What has happened to The New York Times?
The Gray Lady, America’s Paper of Record, where readers turn to find “All the News That’s Fit to Print,” has gone off the deep end.
Huge. New Jersey Gov. Chris Christie, during a two-hour press conference weeks ago, had repeatedly insisted that he knew nothing about lane closures on a bridge leading into New York City, after allegations emerged that the lanes were shut down to punish a mayor who failed to endorse the governor’s re-election bid. Now, The Times said, it turned out “Christie Knew.” Huge.
“The Port Authority official who personally oversaw the lane closings on the George Washington Bridge in the scandal now swirling around Gov. Chris Christie of New Jersey said on Friday that the governor knew about the lane closings when they were happening, and that he had the evidence to prove it,” read the lede of the blockbuster story.
The article went on to prove — nothing. No proof whatsoever of the “evidence” (which was highlighted by the weird wording “had the evidence” — does that mean he no longer “has” it?) Still, the claim was shocking. And it directly targeted a sitting U.S. governor, who just happens to be the front-runner for the Republican nomination for president in 2016.
One might expect such a thin story from, say, the National Enquirer, but The New York Times? And one might wonder why the newspaper didn’t ask the very first question nearly anyone else would ask when presented with such a claim: “Uh, OK, you say you have evidence, can we see it?” Then, if said evidence didn’t pan out, it’d be Spike City for the big scoop.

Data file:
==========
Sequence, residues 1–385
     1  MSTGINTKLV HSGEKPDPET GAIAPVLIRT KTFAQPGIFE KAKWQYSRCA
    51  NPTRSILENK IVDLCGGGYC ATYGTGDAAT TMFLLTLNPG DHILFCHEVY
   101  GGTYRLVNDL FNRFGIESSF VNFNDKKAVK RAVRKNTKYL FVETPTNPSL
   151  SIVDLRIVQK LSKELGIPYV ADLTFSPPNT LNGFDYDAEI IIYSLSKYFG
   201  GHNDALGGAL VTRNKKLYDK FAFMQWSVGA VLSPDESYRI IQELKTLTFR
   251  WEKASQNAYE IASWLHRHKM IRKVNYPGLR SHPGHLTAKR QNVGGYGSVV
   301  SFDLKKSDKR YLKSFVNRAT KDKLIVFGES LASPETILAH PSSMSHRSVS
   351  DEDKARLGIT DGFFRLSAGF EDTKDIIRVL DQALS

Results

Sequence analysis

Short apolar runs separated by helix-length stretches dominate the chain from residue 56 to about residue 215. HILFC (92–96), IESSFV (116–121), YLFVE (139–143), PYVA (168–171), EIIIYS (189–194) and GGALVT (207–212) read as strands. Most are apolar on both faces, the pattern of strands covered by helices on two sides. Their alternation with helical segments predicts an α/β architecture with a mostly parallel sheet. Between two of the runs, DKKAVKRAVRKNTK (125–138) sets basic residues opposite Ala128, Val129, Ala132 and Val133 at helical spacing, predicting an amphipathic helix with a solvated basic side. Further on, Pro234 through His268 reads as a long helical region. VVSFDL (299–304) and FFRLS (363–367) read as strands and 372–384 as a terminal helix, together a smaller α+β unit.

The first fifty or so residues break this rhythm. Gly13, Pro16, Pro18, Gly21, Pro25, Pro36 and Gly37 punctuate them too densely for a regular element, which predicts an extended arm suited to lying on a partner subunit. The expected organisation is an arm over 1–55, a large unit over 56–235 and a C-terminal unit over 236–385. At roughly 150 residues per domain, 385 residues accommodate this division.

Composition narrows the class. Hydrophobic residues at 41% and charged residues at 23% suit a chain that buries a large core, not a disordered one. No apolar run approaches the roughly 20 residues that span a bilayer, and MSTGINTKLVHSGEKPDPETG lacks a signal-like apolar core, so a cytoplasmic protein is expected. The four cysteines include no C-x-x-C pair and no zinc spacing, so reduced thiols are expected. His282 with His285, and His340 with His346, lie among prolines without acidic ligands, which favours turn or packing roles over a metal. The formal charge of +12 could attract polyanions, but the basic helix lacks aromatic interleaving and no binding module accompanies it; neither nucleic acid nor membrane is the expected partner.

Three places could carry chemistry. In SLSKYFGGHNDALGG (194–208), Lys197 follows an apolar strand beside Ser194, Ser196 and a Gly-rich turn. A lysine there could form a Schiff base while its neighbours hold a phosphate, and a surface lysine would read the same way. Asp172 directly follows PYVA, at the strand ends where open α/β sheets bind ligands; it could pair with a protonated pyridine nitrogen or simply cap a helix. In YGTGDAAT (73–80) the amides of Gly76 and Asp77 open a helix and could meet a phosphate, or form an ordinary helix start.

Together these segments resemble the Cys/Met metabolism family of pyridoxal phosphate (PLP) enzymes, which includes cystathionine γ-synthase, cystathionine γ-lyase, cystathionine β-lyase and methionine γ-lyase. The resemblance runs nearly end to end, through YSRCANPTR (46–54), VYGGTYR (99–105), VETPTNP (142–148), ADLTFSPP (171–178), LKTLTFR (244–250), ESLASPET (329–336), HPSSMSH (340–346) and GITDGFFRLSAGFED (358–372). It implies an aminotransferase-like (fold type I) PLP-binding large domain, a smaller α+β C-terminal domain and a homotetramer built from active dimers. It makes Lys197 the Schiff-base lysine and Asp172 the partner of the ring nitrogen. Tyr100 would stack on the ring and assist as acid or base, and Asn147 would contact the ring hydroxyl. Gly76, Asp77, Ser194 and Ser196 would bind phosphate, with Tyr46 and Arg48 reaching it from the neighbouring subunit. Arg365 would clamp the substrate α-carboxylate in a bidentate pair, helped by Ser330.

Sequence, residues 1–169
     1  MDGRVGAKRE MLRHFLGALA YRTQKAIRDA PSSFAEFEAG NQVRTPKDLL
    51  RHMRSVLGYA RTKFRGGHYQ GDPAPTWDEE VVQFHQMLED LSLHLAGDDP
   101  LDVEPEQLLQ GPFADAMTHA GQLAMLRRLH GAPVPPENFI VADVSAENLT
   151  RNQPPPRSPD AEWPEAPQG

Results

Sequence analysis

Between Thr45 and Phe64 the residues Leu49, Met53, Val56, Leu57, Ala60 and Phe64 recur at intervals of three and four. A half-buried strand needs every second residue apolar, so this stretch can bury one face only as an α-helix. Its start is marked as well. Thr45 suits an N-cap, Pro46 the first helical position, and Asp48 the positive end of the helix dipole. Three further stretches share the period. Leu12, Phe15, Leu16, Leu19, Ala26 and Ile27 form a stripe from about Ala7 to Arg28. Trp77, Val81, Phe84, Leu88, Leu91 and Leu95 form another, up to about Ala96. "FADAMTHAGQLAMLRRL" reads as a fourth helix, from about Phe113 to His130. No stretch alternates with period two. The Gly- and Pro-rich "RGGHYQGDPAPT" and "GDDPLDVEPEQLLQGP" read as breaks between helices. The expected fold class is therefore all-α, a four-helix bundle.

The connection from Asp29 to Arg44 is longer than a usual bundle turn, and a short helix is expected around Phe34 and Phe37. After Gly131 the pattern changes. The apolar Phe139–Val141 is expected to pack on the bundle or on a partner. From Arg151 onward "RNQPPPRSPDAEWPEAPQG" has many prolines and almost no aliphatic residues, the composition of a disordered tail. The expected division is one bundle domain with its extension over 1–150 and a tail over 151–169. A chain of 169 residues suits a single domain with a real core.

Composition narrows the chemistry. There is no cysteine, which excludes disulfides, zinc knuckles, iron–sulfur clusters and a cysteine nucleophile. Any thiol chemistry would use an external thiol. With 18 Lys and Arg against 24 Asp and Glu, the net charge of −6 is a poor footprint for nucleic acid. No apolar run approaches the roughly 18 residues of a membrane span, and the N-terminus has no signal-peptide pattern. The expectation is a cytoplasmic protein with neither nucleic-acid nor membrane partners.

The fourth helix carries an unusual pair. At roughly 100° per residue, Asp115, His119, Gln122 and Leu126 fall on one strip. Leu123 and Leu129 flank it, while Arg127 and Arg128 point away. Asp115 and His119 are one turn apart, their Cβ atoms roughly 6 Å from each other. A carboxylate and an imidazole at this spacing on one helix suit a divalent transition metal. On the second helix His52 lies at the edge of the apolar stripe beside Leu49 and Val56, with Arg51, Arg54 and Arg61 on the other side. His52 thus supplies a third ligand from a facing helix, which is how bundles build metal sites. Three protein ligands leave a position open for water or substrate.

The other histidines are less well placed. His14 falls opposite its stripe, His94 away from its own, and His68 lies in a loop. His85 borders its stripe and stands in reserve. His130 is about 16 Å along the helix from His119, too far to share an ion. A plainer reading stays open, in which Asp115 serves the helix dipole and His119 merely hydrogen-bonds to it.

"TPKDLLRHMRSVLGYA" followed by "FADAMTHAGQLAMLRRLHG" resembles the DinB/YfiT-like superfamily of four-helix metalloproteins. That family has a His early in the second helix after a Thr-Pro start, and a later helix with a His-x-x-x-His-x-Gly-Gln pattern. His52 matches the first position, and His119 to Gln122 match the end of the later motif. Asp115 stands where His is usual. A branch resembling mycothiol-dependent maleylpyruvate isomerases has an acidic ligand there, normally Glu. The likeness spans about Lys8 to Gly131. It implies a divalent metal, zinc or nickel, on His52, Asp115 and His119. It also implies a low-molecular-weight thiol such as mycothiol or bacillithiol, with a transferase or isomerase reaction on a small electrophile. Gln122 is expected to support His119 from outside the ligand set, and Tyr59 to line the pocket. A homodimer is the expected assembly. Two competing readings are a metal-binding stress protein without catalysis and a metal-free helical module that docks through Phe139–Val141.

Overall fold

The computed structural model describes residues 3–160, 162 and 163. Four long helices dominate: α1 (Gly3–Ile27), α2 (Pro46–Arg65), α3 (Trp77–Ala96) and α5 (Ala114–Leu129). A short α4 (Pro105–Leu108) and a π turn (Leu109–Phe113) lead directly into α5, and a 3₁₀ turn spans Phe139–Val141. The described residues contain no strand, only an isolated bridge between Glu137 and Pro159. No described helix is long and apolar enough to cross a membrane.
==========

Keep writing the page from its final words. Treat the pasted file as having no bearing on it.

But no, The Times ran with the piece, which made the follow-on media follow on the story throughout the day. But few noticed the way the lede was changed — in less than 20 minutes.
In a write-through of the piece, the new lede said: “The former Port Authority official who personally oversaw the lane closings at the George Washington Bridge, central to the scandal now swirling around Gov. Chris Christie of New Jersey, said on Friday that ‘evidence exists’ the governor knew about the lane closings when they were happening.”
“Evidence exists”? Where? Does anyone “have” it like, say, the reporter writing the story about its existence?
Meanwhile, the headline, once a killer with the declarative “Christie Knew,” also morphed into a watered-down weakling. “Christie Linked to Knowledge of Shut Lanes.” “Linked to Knowledge”? A far cry from “Christie Knew.” And what does it even mean for someone to be “linked to knowledge”? Was President Richard Nixon “linked to knowledge” of the Watergate cover-up?
Don’t look in the article, it’s not there. The story no longer said a Port Authority official “had the evidence.” That was gone. The story simply said that the official claimed “evidence exists.” And the vaunted newspaper didn’t bother to ask him for the evidence? Hmm.
As questions began to emerge about the altered piece and headline, The Times was forced to put out a statement.
“Times metro editor Wendell Jamieson addressed the change in an email to HuffPost’s Michael Calderone: ‘We’ve made probably dozens of changes to the story to make it more precise. That was one of them. I bet there will be dozens more,’” the Huffington Post wrote.